• Check that the data is stored in Cloudant.
  • Modify the database to collect data for three different movement types.
  • Use SPSS Modeler to create an analysis stream using data from the Cloudant database.
  • Create a classification model in SPSS Modeler by transforming the timestamp, calculating a new measure of the energy used, telling SPSS Modeler what the target is to be predicted, and by adding a classification algorithm.
  • Deploy and test the classification model manually by collecting scoring data, modifying the existing stream in SPSS Modeler to analyze and score the movement data.
  • Add a new branch to the SPSS stream for live scoring.
  • Use IBM Machine Learning in IBM Cloud to deploy the SPSS Modeler stream.

What you’ll need to build your app


Create the base application and verify the data in the Cloudant database

This first step is a big one. As we mentioned before, this tutorial is based on the Harlem Shake game published by Romeo Kienzler. To get started, go to Create a fun, simple IoT accelerometer game, and complete the steps in Steps 1 through 5. When you’re asked to name your application, you can call it anything you like, but for the examples in this tutorial I called my application anythinguniquewilldods123.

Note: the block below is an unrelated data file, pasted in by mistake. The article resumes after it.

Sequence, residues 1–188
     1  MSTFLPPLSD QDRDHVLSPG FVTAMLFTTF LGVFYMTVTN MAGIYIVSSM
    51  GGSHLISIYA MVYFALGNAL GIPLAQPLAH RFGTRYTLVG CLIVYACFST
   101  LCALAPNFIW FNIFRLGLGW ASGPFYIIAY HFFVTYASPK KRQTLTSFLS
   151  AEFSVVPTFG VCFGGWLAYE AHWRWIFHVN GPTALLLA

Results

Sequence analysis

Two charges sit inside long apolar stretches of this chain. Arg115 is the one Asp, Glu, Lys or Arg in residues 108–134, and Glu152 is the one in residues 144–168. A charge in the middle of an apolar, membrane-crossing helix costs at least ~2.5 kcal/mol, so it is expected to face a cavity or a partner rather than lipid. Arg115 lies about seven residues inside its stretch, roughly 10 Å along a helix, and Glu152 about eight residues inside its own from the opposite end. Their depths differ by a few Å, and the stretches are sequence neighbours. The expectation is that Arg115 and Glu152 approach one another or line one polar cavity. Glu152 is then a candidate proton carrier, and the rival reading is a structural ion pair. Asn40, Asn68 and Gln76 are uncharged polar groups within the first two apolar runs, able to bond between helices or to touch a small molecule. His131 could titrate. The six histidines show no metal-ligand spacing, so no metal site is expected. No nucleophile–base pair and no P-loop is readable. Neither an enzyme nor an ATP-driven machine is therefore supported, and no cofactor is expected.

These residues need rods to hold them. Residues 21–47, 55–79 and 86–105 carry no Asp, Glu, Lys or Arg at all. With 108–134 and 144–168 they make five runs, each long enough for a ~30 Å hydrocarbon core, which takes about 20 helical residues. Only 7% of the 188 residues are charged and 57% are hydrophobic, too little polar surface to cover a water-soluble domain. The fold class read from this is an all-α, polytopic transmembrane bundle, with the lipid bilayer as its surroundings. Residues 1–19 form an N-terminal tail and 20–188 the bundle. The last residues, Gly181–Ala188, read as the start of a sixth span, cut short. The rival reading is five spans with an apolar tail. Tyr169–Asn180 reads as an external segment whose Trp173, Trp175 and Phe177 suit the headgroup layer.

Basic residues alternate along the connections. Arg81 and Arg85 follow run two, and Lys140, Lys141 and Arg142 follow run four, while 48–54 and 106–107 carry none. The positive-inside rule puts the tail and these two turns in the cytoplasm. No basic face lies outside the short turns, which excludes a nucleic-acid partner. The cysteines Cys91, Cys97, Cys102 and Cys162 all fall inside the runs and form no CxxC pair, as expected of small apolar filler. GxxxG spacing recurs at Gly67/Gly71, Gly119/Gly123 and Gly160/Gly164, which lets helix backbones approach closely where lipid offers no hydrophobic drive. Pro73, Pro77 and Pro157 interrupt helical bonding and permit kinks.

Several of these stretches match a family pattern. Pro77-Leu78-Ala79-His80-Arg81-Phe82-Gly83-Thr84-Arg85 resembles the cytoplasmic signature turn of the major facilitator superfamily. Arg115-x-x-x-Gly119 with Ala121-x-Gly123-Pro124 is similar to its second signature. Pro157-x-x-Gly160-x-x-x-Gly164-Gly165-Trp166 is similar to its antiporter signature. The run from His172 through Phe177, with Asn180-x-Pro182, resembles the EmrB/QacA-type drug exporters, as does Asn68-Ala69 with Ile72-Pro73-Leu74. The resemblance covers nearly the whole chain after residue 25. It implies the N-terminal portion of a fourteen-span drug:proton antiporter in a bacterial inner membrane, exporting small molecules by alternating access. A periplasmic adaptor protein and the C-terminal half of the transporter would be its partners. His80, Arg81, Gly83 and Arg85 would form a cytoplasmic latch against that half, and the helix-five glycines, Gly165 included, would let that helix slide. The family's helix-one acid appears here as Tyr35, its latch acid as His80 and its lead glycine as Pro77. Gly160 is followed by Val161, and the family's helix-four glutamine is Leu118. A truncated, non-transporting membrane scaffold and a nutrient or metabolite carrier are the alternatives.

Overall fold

Before you come back to this tutorial to extend Kienzler’s work, you’ll have deployed a game application using one-click deployment, replaced the Internet of Things Platform service, ensured the MQTT message broker can receive data, set up a Cloudant NoSQL database to store the data, and streamed the data to Cloudant using Node-RED. (Don’t worry – it’s not as much work as it sounds, and it’s fun!)

After completing those steps in Kienzler’s article, we will next check if data arrives in the table. Ensure the game app on your smartphone is still sending data by looking at the debug tab in Node-RED.

Everything should look good. The smartphone shakes, the data streams up to the cloud, and the database is holding the data. But at this point, we still do not know if data actually arrives in the Cloudant instance. Kienzler’s approach was to use IBM Watson Studio, but we’re going to use SPSS Modeler. Before we get to that point, however, we need to make a few more changes.